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Comparison: Ideal LP and BLPF ILPF BLPF D 0 =10, 30, 60, 160, 460 n=2 D 0 =10, 30, 60, 160, 460

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Gaussian LP filter (GLPF)

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Gaussian: Frequency – Spatial Domains frequency domain spatial domain

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Example: smoothing by GLPF (1)

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5/4/201530 Examples of smoothing by GLPF (2) D 0 =100 D 0 =80

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High-Pass filtering A high-pass filter can be obtained from a low-pass filter using: = 1 - D0D0

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High-pass filtering (cont’d) Preserves high frequencies, attenuates low frequencies.

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High Pass (LP) Filters Ideal high-pass filter (IHPF) Butterworth high-pass filter (BHPF) Gaussian high-pass filter (GHPF) Difference of Gaussians Unsharp Masking and High Boost filtering

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Butterworth high pass filter (BHPF) In practice, we use filters that attenuate low frequencies smoothly (e.g., Butterworth HP filter) less ringing effect

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Spatial Representation of High-pass Filters IHPFBHPFGHPF

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Comparison: IHPF and BHPF IHPF BHPF D 0 =30,60,160 n=2 D 0 =30,60,160

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Gaussian HP filter GHPF BHPF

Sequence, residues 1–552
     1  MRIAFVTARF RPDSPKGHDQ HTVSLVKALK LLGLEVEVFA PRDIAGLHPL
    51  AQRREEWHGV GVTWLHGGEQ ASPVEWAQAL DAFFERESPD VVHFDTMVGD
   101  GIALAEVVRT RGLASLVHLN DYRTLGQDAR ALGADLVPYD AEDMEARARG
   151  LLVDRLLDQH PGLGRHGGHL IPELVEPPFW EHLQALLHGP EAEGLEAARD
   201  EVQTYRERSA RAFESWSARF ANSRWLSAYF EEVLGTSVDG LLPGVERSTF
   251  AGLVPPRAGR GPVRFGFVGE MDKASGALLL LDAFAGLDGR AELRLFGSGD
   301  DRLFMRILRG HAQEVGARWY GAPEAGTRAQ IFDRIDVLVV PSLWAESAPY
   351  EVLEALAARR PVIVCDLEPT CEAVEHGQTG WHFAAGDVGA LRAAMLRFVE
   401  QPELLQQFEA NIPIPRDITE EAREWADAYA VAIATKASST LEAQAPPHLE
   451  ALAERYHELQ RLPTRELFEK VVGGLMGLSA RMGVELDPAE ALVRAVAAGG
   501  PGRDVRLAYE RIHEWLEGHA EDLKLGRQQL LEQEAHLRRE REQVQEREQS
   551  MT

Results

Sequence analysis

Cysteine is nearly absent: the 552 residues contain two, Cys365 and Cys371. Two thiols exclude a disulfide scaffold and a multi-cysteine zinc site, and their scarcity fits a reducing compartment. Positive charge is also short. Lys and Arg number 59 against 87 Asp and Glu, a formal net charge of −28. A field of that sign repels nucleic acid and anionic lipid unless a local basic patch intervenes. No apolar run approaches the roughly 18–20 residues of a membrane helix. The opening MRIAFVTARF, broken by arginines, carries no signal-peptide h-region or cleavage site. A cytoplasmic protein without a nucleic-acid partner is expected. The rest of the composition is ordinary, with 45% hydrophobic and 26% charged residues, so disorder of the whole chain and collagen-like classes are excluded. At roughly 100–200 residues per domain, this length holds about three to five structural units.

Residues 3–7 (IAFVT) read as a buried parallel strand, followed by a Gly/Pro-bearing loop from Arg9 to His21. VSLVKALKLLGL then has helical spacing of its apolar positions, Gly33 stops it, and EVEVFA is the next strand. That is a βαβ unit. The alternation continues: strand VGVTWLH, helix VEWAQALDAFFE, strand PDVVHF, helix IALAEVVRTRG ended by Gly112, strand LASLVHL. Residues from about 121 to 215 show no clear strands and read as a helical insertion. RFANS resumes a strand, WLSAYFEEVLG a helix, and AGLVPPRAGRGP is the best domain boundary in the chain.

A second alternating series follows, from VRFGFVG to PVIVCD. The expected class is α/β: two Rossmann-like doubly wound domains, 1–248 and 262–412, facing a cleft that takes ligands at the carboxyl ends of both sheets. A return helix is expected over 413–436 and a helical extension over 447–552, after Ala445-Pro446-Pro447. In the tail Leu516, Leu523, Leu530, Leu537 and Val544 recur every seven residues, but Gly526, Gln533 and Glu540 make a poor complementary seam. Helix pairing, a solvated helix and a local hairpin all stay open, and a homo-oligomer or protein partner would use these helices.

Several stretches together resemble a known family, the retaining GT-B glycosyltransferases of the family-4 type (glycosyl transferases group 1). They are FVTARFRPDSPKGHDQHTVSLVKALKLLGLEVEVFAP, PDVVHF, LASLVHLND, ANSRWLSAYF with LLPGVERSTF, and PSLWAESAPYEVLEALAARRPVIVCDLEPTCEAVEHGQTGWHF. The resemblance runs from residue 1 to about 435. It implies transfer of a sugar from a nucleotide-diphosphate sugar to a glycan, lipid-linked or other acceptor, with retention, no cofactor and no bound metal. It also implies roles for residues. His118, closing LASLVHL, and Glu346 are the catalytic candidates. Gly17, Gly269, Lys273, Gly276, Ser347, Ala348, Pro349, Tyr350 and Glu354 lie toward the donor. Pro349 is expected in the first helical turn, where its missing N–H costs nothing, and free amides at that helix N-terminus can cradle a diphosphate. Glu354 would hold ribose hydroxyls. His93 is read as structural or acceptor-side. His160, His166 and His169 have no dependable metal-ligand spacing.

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Comparison: BHPF and GHPF GHPF BHPF D 0 =30,60,160 n=2 D 0 =30,60,160

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Example: High-pass Filtering and Thresholding for Fingerprint Image Enhancement BHPF (order 4 with a cutoff frequency 50)

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Difference of Gaussians: Frequency – Spatial Domains This is a high-pass filter!

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Difference of Gaussians: Frequency – Spatial Domains (cont’d) spatial domain frequency domain High-pass filter!

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Frequency Domain Analysis of Unsharp Masking and Highboost Filtering Unsharp Masking: Highboost filtering: (alternative definition) Frequency domain: previous definition:

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Revisit: Unsharp Masking and Highboost Filtering Highboost Filter

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Highboost and High-Frequency-Emphasis Filters 1 1+k k1k1 k 1 +k 2 HighboostHigh-emphasis

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High-Frequency Emphasis filtering Using Gaussian filter k 1 =0.5, k 2 =0.75 D 0 =40 Example GHPF High-emphasis and hist. equal.

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Homomorphic filtering Many times, we want to remove shading effects from an image (i.e., due to uneven illumination) –Enhance high frequencies –Attenuate low frequencies but preserve fine detail.

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Homomorphic Filtering (cont’d) Consider the following model of image formation: In general, the illumination component i(x,y) varies slowly and affects low frequencies mostly. In general, the reflection component r(x,y) varies faster and affects high frequencies mostly. i(x,y): illumination r(x,y): reflection IDEA: separate low frequencies due to i(x,y) from high frequencies due to r(x,y)

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How are frequencies mixed together? When applying filtering, it is difficult to handle low/high frequencies separately. Low and high frequencies from i(x,y) and r(x,y) are mixed together.

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Can we separate them? Idea: Take the ln( ) of

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Steps of Homomorphic Filtering (1) Take (2) Apply FT: or (3) Apply H(u,v)

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Steps of Homomorphic Filtering (cont’d) (4) Take Inverse FT: or (5) Take exp( ) or

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Example using high-frequency emphasis Attenuate the contribution made by illumination and amplify the contribution made by reflectance

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Homomorphic Filtering: Example